Preparing for flight travel can be quite challenging for some and if you don’t have your tasks well laid out, you can end up missing an important flight or losing your luggage while caught up in the rush hour.
Getting ready for a flight shouldn’t be so hard as long as you keep yourself organised and plan ahead in time to avoid any mishaps along the way. It should be as easy as planning for a movie night with friends in advance.
Top 10 things you should know about when preparing for flight travel
Keeping time for your flight is probably one of the most important things you should never forget because if you miss it, chances are very high for most airlines you are going to pay a fine that can range within $200 – $360 for a new one-way ticket.
It is advisable to always head for the airport at least 4 hours ahead of your check-in time so that you can beat the traffic jam, any unforeseen incidents, finish the check-in if you have luggage that must be weighed and pushed to cargo and enough time for you to settle in.
Airlines are very strict about time, always struggle not to miss a flight unless it is something unavoidable in which case you can postpone the ticket ahead of time otherwise the plane will leave you or you’ll be denied entry no matter who you are.
2. Travel Light.
If your trip is not that long, lasting less than 3 weeks then you might find you really don’t need to carry all those bags. Airlines weigh how much you can carry on the plane if your bags exceed their limit per person you have to remove and leave some stuff or pay a fine to have it on board.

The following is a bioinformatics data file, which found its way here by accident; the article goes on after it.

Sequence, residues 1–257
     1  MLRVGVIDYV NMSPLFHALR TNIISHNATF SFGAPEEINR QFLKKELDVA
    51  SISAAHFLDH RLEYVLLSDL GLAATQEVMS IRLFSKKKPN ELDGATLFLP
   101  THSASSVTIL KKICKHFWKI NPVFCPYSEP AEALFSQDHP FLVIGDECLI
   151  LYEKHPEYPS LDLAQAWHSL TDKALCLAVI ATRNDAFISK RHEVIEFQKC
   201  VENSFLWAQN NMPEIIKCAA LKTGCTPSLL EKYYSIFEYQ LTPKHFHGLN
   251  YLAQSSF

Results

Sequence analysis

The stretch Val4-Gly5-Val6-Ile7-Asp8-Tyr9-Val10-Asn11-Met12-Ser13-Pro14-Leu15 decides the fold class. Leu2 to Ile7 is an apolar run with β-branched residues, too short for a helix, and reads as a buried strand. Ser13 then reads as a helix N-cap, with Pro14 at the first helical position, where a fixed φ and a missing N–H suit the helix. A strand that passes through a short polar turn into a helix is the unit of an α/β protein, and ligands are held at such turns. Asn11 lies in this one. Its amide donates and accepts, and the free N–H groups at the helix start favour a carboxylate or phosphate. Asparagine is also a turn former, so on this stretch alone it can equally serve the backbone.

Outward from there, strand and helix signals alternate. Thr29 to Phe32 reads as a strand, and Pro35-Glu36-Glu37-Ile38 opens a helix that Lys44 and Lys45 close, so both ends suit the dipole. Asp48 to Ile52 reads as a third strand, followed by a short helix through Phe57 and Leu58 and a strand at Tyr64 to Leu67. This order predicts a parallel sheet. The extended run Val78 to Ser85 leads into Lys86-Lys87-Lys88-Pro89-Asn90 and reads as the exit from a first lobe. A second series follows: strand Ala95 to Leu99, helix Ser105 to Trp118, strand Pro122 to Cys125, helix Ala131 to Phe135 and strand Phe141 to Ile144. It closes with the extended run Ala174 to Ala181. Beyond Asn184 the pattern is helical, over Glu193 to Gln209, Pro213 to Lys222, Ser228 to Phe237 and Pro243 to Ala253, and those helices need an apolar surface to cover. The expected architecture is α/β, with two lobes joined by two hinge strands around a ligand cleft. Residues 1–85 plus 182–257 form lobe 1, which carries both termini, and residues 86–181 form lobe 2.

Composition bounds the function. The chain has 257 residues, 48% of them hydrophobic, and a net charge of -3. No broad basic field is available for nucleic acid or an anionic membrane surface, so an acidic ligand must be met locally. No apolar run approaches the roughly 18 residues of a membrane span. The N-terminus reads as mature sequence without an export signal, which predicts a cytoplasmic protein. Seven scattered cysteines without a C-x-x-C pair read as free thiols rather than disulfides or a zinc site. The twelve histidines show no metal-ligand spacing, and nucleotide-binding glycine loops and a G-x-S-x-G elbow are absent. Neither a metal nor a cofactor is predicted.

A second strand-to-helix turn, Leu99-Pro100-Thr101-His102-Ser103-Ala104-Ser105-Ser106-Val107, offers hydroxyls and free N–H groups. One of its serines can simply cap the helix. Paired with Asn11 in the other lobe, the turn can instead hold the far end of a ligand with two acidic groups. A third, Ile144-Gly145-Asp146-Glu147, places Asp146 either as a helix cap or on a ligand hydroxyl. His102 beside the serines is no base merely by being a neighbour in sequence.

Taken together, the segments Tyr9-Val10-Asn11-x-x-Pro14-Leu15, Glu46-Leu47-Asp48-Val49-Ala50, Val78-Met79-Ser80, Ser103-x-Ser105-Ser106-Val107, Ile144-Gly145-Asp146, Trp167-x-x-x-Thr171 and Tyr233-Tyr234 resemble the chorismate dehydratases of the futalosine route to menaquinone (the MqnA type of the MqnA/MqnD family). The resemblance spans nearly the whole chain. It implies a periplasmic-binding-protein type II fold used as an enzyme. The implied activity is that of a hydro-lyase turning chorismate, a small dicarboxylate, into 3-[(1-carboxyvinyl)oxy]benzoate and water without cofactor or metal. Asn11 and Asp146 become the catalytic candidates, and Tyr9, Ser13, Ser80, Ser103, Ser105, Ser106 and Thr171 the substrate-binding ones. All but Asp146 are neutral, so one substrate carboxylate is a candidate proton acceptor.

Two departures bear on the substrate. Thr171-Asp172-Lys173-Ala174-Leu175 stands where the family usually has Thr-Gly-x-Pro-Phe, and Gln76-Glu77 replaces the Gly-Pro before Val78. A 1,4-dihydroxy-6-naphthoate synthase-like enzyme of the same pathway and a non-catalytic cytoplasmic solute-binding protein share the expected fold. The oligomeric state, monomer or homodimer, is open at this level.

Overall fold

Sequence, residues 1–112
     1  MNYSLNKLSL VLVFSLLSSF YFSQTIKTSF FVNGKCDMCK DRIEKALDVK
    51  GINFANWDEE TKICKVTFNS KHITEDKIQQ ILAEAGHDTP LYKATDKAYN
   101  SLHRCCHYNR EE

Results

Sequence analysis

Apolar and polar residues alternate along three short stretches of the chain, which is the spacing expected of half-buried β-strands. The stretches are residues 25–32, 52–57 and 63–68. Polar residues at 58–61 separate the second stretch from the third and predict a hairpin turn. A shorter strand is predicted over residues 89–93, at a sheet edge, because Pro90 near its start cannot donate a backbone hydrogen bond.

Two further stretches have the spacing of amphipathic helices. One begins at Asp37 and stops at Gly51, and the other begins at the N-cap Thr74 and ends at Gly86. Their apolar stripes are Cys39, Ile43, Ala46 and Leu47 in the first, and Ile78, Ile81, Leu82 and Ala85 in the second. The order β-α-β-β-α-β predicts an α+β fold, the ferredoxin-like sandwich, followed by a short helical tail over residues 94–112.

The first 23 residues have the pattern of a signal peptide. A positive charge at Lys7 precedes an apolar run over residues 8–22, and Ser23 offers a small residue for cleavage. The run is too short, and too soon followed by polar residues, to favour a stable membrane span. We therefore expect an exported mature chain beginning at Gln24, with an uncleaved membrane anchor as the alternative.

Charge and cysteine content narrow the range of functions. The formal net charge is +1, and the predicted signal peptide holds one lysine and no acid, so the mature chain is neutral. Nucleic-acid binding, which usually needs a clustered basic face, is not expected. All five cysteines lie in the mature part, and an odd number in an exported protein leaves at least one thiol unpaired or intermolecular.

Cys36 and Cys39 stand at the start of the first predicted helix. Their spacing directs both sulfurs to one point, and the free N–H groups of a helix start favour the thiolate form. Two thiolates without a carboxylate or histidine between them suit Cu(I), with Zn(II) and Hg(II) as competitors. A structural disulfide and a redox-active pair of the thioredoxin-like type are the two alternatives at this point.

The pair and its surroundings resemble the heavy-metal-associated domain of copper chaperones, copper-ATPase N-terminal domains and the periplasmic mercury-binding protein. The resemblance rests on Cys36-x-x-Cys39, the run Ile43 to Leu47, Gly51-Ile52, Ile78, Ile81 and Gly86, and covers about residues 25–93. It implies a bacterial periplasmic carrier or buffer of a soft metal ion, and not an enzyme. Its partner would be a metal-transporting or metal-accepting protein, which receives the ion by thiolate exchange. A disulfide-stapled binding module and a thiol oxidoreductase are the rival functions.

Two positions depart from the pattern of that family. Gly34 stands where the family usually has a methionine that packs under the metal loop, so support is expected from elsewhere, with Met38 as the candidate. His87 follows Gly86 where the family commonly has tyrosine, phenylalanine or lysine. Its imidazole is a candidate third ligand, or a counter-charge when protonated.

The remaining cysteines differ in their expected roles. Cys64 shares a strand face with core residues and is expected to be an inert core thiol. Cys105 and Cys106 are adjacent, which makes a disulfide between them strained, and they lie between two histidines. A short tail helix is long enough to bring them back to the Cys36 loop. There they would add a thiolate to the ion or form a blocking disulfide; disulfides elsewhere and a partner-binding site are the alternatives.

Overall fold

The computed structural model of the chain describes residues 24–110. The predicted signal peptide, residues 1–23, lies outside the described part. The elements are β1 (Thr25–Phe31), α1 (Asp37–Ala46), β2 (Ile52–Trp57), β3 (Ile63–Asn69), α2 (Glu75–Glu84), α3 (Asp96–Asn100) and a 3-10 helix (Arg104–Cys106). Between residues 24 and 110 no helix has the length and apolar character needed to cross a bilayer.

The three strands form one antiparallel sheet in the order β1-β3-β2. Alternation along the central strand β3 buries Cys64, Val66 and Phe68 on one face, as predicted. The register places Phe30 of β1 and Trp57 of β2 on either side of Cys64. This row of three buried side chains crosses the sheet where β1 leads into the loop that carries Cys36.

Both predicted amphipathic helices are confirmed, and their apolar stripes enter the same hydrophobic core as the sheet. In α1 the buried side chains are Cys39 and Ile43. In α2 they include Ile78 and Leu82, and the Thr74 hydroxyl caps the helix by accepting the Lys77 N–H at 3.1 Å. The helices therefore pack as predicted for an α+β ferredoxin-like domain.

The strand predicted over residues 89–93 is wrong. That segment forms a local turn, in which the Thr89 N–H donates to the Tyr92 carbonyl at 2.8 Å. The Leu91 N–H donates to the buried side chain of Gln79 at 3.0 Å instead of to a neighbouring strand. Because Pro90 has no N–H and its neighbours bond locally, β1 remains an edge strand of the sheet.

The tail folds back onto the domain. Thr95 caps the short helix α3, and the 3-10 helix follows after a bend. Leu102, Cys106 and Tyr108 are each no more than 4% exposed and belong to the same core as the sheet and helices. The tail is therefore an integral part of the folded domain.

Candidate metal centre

You also have to be mindful of what you carry, for instance, perfumes and liquids are not allowed to be carried on the passenger cabin though some airlines allow them if they are within the specified ML allowed on board.
An important tip; you can carry a light bag with a few of your things with you on to the passenger cabin like a rucksack or laptop bag and some smaller travel bags. Any bigger is usually sent to the cargo hold and you find it ahead of you at your destination airport.
3. Belts, Laptops & Shoes.
The most hectic bit about travel is the security checks which are mandatory at all airports especially if you have cross overs where you have to wait and change flights at airports in other countries.
You can be prepared for this too, the most common procedure is that you have to remove your laptop from the bag and place it in its own container then place your bag, wallet, shoes, belt, keys, coins, watch and other metals in containers that go through an x-ray scanner.
You then walk through a scan, if you trigger it you are asked to find any metal and walk through again. If it repeats, then you will be searched with a handheld scanner or given a thorough pat-down of your entire body which most travellers loath. Preparation will save you from most of this.
4. Exchange Currency.
Most of the nations you will travel to use their own local currency with the exception of a few that use a common currency like members of the European Union that use a Euro and it is advisable you find out and convert your money to it before you travel.
You are probably asking why you should do this from your home country instead of the destination. For several reasons, sometimes changing your local currency into another is much cheaper at home than at the airport or the destination country. You are also off better ready for anything such as grabbing a cab than fumbling around for a forex bureau.
5. Prepaid International Visa Card.
In the same light as above, if you don’t want to hustle with exchanging and moving around with lots of foreign exchange for shopping and other errands which could also not be that safe, you can go with a prepaid credit or debit International Visa Card.
Most countries around the world accept payments from International Visa Cards, Master Card and many more and you can even use payments that are compatible with the same to withdraw some money in that currency for a small fee.
You will just swipe at the mall while shopping, restaurant, hotel and even some cab companies! You can get one from your local bank before leaving, for the case in Uganda, you can get the cheap UBA prepaid visa card in less than 30 minutes.